Pushing staff too hard sees startups lose up to 27 days of employee productivity per year, according to new research
Successful founders are famous for their almost superhuman schedules, massive output and ability to work hard. But while entrepreneurs may be tempted to push employees as hard as they push themselves, a new report should give business leaders pause for thought.
Conducted by VitalityHealth, Mercer, the University of Cambridge and RAND Europe, the Britain's Healthiest Workplace study revealed that stress and stationary lifestyles can be more detrimental to staff productivity than smoking, poor diet and alcohol consumption. Based on a survey of over 32,500 workers, it discovered that 73% of UK employees suffer from work-related stress, leading to an annual £57bn loss in productivity.
The sectors with the highest levels of work-related stress were also revealed to be the ones with the highest productivity loss. On average, UK companies lost 23.5 days of productivity per year by pushing staff too hard while keeping them inactive. And this figure jumps to 27 days for the most stressful and inactive industries. Meanwhile, the correlation between physical exercise and loss in productivity was highlighted by the healthcare sector where only 62.2% of the workers were deemed to be healthy, against the national average of 64.4%.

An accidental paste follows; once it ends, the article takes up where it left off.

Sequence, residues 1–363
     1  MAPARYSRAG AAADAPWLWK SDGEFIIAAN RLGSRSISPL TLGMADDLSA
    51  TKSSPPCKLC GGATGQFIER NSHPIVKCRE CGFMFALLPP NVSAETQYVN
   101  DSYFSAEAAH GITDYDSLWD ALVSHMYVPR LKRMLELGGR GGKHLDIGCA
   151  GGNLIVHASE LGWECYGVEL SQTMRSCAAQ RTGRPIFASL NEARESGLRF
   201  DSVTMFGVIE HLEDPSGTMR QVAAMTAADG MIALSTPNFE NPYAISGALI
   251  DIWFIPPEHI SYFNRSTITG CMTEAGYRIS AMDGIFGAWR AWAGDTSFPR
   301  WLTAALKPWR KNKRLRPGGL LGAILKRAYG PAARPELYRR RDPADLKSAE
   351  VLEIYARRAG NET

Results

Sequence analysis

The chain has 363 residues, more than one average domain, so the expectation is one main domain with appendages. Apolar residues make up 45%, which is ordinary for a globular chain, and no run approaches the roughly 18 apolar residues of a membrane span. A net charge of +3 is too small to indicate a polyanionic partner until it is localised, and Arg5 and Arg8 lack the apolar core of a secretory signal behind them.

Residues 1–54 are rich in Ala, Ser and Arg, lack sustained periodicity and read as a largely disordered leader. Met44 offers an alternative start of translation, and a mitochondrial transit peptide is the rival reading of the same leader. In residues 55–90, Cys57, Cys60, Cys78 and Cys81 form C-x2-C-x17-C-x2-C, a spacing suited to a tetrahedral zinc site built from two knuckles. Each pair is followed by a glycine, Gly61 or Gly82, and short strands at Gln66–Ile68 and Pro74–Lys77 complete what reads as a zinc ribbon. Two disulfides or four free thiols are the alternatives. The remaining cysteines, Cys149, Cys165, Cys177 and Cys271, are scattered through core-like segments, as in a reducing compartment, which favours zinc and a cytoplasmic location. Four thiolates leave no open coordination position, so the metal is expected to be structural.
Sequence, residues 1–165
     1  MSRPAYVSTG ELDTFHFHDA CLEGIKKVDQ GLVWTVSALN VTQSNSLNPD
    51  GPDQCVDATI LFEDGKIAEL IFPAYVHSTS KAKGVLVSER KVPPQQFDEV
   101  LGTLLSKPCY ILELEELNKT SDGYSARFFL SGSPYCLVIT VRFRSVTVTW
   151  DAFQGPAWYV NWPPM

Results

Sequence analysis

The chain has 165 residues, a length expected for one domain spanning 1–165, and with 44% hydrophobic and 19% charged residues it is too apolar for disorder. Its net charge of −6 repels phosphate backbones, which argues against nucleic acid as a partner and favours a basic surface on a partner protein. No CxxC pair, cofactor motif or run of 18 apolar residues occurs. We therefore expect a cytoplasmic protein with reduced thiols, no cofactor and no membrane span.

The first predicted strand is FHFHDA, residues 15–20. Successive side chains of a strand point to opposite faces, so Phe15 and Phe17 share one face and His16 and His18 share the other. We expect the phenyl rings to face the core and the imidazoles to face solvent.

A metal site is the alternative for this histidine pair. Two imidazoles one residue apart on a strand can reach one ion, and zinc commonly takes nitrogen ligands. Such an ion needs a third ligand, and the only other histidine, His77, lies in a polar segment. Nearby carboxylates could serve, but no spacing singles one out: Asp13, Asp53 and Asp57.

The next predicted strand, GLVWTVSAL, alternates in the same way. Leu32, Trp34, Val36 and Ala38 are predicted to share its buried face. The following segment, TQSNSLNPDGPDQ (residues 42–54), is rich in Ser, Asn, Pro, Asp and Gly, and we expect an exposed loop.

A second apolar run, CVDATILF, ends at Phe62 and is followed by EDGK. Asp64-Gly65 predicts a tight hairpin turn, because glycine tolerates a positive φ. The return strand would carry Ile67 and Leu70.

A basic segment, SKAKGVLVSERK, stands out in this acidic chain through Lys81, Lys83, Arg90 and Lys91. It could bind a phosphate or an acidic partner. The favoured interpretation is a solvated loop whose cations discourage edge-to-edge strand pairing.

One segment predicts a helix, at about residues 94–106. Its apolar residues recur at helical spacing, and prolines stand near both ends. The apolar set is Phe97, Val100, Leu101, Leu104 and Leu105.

Comparatively, employees in high-tech industries were found to be the least stressed and most physically active workers in the UK, with 71.5% of the employees being deemed as healthy. Nevertheless, the sector still suffered an annual loss of 19 days of productivity per employee.
“We would urge all companies, and especially those in sectors suffering from acute productivity loss, to invest in the health and wellbeing of their staff,” said Shaun Subel, strategy director at VitalityHealth. “Reducing workplace stress and encouraging employees to stay physically active should help increase productivity levels and protect the business bottom line.”
So while it might be tempting to make your staff work late, letting them hit the gym could be a better bet.